Monday, June 09, 2008
Continuing the recent thread of ad hominem CEO assessments, can't disagree with Larry Dignan's take on Carl Icahn's latest letter. Eric Schmidt was a perfect helmsman for Google because Google is an engineering company and Schmidt can handle the troops from strength based on his former role as a CTO... not because he's an "operations" expert.
As for who Yahoo should choose when Yang steps aside is less clear. Yahoo is not a pure engineering company as Google is, although it has spearheaded many soft innovations in alternative web technologies.
People-wise, what is the breakdown, anyway? You could find just as many mid level product managers and MBA's at Google as you could at Yahoo, so in my view the best characterization comes from the org-theory world (Perrow) -- what is the "dominant coalition" at either company. Google's dominant coalition of engineers, programmers, Ph'D's, etc. is solidly backed by a dual class shareholder structure that puts great power in the hands of Page and Brin.
At this stage, Yahoo can't seem to decide what its identity is (the peanut butter thing). Peanut butter syndrome is not helped by the distributed share ownership (70% institutional holders). Holding company would be a bad identity to adopt - IAC is an "OK" player online but can't win on a large scale, it seems. Marchex is a quietly successful holding company, but not on any scale.
Yahoo's brand is well supported by Jerry Yang in the role of Chief Yahoo - but there isn't any clear path towards choosing a new CEO. Icahn has a point, but I sure hope he wouldn't be directly involved in the final decision, because he only has a point in a very general sense.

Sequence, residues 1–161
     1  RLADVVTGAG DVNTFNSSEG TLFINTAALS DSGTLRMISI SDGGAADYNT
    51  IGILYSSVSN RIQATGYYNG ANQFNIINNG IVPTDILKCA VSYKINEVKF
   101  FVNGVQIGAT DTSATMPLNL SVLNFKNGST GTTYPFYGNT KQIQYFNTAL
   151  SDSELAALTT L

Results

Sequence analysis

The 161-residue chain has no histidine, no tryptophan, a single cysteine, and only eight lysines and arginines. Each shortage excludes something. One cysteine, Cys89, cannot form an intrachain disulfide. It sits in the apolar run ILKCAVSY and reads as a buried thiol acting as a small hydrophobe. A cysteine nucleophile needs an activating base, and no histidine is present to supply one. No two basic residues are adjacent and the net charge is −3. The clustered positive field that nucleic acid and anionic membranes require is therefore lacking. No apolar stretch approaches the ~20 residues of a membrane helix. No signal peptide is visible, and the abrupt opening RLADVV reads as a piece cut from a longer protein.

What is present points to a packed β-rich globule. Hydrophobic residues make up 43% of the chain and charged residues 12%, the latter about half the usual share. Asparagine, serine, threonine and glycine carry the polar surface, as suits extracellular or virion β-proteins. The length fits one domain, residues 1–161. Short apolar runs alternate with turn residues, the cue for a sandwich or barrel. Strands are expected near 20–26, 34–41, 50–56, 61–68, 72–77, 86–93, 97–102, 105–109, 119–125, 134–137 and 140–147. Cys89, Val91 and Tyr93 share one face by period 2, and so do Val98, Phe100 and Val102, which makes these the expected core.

Likely, Yahoo's next CEO should be one who has worked in solidly progressive roles in technology and new media at larger companies who excels at drawing out the strengths of those who build and manage key Yahoo products and channels.
In Jim Collins' Good to Great, the #1 no-no for companies historically - from a shareholder return perspective - has been to place too much stock in "rock star" CEO's. CEO's who understand a company's economic engine, who play hedgehog, who get the right people on the bus - tend to outperform. And they do that over the long haul not by being favorites in the media (or by being already billionaire rich when they take the job), but by gaining respect internally. This is why Schmidt was an apt choice for Google. Whoever runs Yahoo should be not only liked internally, but respected enough to bring out the best in its people and nerdy enough to care about the details of product development and user experiences. And unlike one previous CEO, they should use the Internet enough to know the difference between a browser and a widget.
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